Information Technology vs. Computer Science
Tech degrees vary widely in terms of the concepts that they emphasize. While the term "information technology" may connote (to some) a low level troubleshooting role, information technology specialists study at the bachelor's, master’s, and, occasionally, even PhD levels. They often have just as much education as computer scientists.
Information technology and computer science are both hot degrees for the tech-savvy. Both degrees signal a good deal of computer know-how. Graduates sometimes compete for similar positions. However, there are significant differences both in coursework and in typical career paths. If the school offers only one of the two degree options, the program may be something of a hybrid. When a single university offers both degree options, there is likely to be a good deal of contrast.
Computer science grads and IT grads may ultimately compete for some of the same positions.
IT and Computer Science Program Differences
A computer science program tends to be more science-heavy while an IT program includes more coursework in fields like business, communications, and management. The IT degree may take an interdisciplinary approach.
A computer science major is more likely to spend significant time mastering algorithms. A computer science degree is sometimes considered more theoretical, an IT degree, more practical, but this will depend on the specific program – and whether the school has other computer-related degree programs, such as software engineering. The computer science student is typically far more of an expert at designing applications than an IT major. The IT expert writes some scripts, but is less likely to design programs from the ground up; the focus is more likely to be on modifying systems and making all the parts work well together. The IT student may take multiple classes in areas like network or database design and administration. The computer science expert is more likely to become a software developer or software engineer. He or she typically needs more advanced mathematics coursework.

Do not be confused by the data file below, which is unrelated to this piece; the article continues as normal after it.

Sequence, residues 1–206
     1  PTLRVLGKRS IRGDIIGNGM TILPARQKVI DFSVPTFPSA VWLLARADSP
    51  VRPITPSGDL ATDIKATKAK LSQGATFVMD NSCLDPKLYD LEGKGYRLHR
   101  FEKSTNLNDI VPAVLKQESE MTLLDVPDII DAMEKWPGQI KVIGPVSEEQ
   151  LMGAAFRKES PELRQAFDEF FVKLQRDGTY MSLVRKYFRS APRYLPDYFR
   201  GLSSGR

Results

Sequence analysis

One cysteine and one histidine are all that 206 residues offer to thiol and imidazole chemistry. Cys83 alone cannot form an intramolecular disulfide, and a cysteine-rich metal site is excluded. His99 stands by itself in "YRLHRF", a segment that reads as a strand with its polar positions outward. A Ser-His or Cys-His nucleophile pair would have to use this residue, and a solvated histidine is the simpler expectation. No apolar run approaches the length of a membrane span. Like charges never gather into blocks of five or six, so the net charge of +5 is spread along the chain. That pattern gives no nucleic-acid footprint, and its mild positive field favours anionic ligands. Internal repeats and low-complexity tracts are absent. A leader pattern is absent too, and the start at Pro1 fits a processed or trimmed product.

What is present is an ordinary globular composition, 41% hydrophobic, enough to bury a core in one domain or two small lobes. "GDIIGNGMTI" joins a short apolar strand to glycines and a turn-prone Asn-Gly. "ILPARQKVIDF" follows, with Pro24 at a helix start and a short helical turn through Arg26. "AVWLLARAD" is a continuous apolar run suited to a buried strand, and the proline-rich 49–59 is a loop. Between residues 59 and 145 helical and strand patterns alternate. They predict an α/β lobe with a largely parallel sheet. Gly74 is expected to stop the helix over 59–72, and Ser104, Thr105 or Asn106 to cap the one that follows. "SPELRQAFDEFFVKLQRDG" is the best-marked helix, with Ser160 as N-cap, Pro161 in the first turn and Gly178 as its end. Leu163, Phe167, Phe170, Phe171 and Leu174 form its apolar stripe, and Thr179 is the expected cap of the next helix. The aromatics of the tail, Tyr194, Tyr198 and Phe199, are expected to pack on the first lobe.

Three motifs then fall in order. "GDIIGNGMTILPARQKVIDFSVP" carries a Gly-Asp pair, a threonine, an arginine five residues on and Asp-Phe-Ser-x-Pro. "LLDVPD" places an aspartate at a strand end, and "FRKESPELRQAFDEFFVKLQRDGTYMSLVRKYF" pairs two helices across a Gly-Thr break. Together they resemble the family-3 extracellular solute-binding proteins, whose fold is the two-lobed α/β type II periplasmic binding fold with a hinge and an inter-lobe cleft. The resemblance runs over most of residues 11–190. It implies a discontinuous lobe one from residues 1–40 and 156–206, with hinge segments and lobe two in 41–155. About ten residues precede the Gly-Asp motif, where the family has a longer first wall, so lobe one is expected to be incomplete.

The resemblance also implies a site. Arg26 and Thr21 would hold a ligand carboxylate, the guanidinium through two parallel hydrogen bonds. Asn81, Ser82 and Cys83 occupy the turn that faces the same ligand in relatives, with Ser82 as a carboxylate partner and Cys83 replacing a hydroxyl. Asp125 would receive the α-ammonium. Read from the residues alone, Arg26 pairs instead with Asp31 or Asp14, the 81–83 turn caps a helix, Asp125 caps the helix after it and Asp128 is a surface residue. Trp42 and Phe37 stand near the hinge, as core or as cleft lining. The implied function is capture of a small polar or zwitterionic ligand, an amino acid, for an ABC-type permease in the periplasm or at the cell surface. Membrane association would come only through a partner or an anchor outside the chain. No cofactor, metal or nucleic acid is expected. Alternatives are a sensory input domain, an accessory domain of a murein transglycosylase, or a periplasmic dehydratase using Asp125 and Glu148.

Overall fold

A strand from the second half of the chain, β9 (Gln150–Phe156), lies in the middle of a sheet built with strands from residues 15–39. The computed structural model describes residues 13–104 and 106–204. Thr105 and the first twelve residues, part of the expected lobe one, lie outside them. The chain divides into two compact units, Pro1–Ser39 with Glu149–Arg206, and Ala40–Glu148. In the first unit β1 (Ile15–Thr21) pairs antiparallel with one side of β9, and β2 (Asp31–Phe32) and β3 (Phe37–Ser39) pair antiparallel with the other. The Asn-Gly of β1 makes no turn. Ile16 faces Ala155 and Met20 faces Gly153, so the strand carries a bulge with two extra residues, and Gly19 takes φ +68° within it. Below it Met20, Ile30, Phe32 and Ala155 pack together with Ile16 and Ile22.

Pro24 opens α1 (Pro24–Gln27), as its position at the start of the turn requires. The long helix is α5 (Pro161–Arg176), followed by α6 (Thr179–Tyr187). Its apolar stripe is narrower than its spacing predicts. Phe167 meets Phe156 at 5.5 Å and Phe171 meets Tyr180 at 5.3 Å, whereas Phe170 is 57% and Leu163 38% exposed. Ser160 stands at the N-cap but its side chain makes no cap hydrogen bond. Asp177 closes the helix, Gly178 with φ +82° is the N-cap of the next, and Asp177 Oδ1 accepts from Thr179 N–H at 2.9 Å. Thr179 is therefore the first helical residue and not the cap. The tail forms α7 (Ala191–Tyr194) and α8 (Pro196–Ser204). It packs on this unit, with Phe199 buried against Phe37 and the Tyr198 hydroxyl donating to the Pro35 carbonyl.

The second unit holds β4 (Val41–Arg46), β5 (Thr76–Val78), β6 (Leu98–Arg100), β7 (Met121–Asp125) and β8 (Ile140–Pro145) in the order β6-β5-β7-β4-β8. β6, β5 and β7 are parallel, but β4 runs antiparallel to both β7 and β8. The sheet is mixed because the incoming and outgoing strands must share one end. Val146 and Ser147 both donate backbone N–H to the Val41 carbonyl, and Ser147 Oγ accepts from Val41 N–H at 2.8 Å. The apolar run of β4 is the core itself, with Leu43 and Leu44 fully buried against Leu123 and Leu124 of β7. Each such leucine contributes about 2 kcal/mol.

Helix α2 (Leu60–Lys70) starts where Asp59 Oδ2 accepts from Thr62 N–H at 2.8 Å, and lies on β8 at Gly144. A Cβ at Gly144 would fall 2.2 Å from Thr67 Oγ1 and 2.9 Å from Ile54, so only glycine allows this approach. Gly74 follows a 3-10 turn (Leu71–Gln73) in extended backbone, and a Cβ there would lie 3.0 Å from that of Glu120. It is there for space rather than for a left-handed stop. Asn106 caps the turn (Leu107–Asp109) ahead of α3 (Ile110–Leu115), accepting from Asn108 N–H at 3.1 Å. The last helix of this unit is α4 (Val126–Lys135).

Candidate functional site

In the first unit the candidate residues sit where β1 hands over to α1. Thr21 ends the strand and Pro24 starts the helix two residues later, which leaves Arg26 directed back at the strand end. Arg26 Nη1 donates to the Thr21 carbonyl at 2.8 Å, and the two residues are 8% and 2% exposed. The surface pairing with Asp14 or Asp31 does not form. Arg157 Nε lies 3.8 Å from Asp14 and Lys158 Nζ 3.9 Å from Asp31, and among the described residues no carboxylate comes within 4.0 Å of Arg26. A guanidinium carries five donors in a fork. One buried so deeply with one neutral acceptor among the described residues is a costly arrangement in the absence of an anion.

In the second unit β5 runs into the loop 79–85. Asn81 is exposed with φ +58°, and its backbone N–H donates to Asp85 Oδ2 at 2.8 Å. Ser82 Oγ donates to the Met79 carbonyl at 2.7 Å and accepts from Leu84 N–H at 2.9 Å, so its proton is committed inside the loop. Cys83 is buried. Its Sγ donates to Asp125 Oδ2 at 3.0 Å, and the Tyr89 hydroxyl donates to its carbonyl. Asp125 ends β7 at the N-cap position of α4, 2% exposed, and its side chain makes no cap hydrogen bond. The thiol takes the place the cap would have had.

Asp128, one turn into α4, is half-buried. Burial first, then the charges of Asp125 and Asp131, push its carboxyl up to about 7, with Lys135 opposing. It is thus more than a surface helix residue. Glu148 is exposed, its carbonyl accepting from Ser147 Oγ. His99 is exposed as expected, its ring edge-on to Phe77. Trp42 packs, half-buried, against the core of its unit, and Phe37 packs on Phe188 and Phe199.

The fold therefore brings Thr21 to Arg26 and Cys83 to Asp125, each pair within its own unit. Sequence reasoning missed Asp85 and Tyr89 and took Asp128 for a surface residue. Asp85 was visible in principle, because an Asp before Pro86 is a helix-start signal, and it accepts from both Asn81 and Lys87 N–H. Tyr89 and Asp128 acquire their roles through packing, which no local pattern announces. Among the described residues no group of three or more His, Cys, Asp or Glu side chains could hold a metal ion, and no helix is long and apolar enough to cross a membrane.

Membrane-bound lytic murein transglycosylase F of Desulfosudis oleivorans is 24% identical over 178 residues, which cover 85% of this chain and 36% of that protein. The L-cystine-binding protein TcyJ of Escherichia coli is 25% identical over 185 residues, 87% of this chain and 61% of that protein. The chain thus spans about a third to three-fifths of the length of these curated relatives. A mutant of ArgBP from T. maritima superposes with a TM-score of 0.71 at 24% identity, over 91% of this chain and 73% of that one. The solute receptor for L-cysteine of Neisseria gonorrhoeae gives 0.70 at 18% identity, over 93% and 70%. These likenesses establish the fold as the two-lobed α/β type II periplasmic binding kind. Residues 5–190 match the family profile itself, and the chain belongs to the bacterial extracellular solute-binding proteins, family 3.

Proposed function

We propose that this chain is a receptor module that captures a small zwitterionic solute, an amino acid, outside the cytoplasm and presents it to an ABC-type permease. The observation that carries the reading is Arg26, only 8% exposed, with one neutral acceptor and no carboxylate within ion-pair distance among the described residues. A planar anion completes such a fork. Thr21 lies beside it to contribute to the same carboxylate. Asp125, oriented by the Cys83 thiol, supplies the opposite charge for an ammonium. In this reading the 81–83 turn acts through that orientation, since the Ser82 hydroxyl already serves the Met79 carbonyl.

A computer science program tends to be more science-heavy while an IT program includes more coursework in fields like business, communications, and management.
While a computer science major may work through the ranks as a systems analyst and go on to become a project manager, the IT major is more likely to have coursework specifically focused on project management. And, while a computer science professional typically has the minimum technical skills to set up business-related computer systems, an IT professional is more likely to be employed in situations that require working collaboratively with individual clients, designing and modifying systems to meet their needs.
Professionals in various computer disciplines may focus on particular sectors like healthcare, but the way they do so will be different – from the software engineer focusing on embedded software to the IT expert managing databases.
Even in the highest levels of academia, the focus can be quite different. At the Massachusetts Institute of Technology, for example, PhD students and faculty employed by the IT Sloan Information Technology Group study the economic and organizational impact of computer technologies.
Similarities between Computer Science and IT Programs
There is some overlap in program content. The information technology degree will likely include some coursework in programming.
Computer science grads and IT grads may ultimately compete for some of the same positions. A recent example is network and systems analyst for the Threat Operations Center (NTOC). The NTOC lists computer science and ‘management information systems’ as appropriate related degrees; the candidate is also expected to have five years of information technology experience.
The employer may list not only desirable degrees but desirable professional certifications. On the one hand, a professional can continue to achieve certifications throughout his or her career. On the other, wise program selection can mean graduating with not one but a number of credentials. Many students graduate with multiple associate or professional level certifications.
Even positions in the same occupation classification can have different sets of duties-- and the employers may well favor different skill sets. The Bureau of Labor Statistics notes that some of the more technical computer systems analyst positions favor professionals with computer science degrees while other systems analyst positions favor candidates who have MBAs that include a concentration in information systems.